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GCN learns even more tricks
For years, AMD has used the letters "GCN" to refer to is core graphics technology, but that tech has gotten consistent updates that have expanded its feature set in little ways over time.

Fiji inherits all of the goodness from the Tonga GPU that popped up last fall, including delta-based color compression, faster tessellation, and a video-processing block revamped for 4K resolutions. Beyond obvious things like HBM, Fiji has a handful of added tweaks that go beyond Tonga. Many of those changes have to do with power efficiency, an obvious target given AMD's desire to cram 4096 stream processors into a power envelope similar to the 290X's.

Fiji's big shader array has more extensive power gating than prior GCN parts, so portions of the shader units not currently in use will be turned off more aggressively in order to avoid wasted energy. The Fiji team imported the dynamic voltage and frequency scaling algorithm (usually branded PowerTune in AMD's GPUs) from the APU side of the business, too. As a result, the GPU now avoids seeking the maximum possible clock frequency in cases where the workload doesn't require it.

Furthermore, AMD has changed how it chooses the voltage and frequency operating points for its GPUs. The new method introduces some card-to-card variability, which AMD has avoided in the past, but it allows for more efficiency overall. (I believe Nvidia's GPU Boost first adopted some tolerance of card-to-card variability in the Kepler generation.)  AMD Graphics CTO Raja Koduri told us AMD was willing to accept this change in part because it realized variability was part and parcel of the modern PC ecosystem, given sheer variety of cases and cooling solutions and the like.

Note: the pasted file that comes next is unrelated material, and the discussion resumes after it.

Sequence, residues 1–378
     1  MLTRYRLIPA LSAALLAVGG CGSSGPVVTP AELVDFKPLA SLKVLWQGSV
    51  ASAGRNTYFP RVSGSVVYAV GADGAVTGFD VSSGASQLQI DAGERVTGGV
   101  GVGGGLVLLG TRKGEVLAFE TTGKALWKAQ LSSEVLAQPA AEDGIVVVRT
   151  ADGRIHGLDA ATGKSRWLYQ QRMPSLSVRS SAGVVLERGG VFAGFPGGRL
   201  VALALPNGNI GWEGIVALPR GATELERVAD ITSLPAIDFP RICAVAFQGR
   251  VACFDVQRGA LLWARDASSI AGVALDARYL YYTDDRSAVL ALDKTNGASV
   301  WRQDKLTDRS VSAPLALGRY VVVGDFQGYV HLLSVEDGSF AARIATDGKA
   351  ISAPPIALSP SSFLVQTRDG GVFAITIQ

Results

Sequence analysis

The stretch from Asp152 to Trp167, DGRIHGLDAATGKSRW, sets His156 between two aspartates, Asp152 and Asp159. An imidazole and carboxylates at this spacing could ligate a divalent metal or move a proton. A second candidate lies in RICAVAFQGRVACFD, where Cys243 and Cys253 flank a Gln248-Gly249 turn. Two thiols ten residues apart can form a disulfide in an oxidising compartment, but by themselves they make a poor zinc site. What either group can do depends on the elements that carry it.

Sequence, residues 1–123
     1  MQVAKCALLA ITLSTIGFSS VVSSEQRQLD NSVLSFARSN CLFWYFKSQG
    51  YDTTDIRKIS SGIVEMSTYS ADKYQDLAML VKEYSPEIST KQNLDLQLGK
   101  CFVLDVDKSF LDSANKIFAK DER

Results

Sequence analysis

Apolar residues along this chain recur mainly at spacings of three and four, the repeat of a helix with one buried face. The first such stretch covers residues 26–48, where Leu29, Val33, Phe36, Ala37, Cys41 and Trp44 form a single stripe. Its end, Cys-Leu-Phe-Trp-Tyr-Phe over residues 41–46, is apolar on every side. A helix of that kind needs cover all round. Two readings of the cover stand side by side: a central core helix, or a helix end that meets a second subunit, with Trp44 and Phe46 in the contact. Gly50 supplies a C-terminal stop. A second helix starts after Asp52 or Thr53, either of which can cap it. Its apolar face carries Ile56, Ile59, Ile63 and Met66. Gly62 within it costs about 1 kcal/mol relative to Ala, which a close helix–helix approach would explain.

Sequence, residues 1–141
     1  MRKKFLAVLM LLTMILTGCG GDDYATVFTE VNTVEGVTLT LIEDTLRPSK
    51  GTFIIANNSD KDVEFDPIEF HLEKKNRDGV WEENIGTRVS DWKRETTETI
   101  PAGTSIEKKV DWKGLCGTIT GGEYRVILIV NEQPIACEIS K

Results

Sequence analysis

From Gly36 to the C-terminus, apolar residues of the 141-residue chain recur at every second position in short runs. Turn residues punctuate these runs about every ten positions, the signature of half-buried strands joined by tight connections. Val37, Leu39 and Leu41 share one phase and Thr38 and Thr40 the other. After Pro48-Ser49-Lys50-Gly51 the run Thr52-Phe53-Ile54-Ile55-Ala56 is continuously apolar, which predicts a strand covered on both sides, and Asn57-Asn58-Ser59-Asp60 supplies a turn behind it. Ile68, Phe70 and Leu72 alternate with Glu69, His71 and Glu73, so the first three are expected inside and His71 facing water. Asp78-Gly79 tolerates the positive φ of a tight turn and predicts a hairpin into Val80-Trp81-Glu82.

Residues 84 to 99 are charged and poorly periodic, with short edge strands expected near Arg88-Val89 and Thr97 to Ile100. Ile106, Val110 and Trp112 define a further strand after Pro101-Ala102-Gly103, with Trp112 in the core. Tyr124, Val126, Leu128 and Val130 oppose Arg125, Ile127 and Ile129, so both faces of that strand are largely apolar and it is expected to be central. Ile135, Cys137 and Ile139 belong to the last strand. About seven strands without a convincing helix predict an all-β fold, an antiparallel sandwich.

One other power optimization in the Fury X really isn't a GCN improvement, but it helps explain why Fiji is able to run at ~1GHz with less board power than the 290X.  It has to do with that liquid cooler. AMD has cited operating temperatures around 52C for the GPU on this card, and operating at such low temperatures tamps down on leakage power in pretty dramatic fashion. The transistors on a warmer chip will leak more and thus require more power. By cooling Fiji aggressively, the Fury X likely saves a non-trivial amount of wattage that would otherwise be wasted. This fact is noteworthy in this context because it suggests the power-oriented improvements in Fury X aren't all related to more efficient GPU architecture per se.

Another set of changes in Fiji is meant to further improve geometry and tessellation throughput. That news is a bit of a counter to the peak rates we've discussed above, where the Fury X matches the R9 290X. That said, even if the Fury X delivers on its full potential very consistently, it still won't match the polygon throughput we've measured for the GeForce GTX 980 Ti in synthetic tests.

Two other units in Fiji are notable for different reasons.

The UVD block responsible for video decoding has gotten an important upgrade: it can now accelerate the decoding of H.265/HEVC-encoded video in hardware, which is crucial for 4K video in particular. This hardware can also decode Google's VP8 format, but AMD says it's still investigating the software side of that equation. Full acceleration of the latest video formats gives Fiji a leg up on its competition.

That advantage comes with a downside, though. The display outputs in this GPU are not HDMI 2.0-capable, so Fury cards will not be able to drive 4K TVs at 60Hz over HDMI. AMD has a bit of a handicap here that its competition doesn't share.

Performance expectations and a strange parity
We don't yet have a Fury X card to test, but AMD has released some of its own home-brewed performance numbers comparing the new Radeon to the GeForce GTX 980 Ti in some popular games at 4K resolution. Sadly, these numbers are only FPS averages, so they communicate more about GPU potential than they do about a true experience of smooth gaming. Also, AMD has almost surely cherry-picked the games and image quality settings than best suit its cause. These numbers are—in big, hairy, important ways—no substitute for a properly conducted independent review.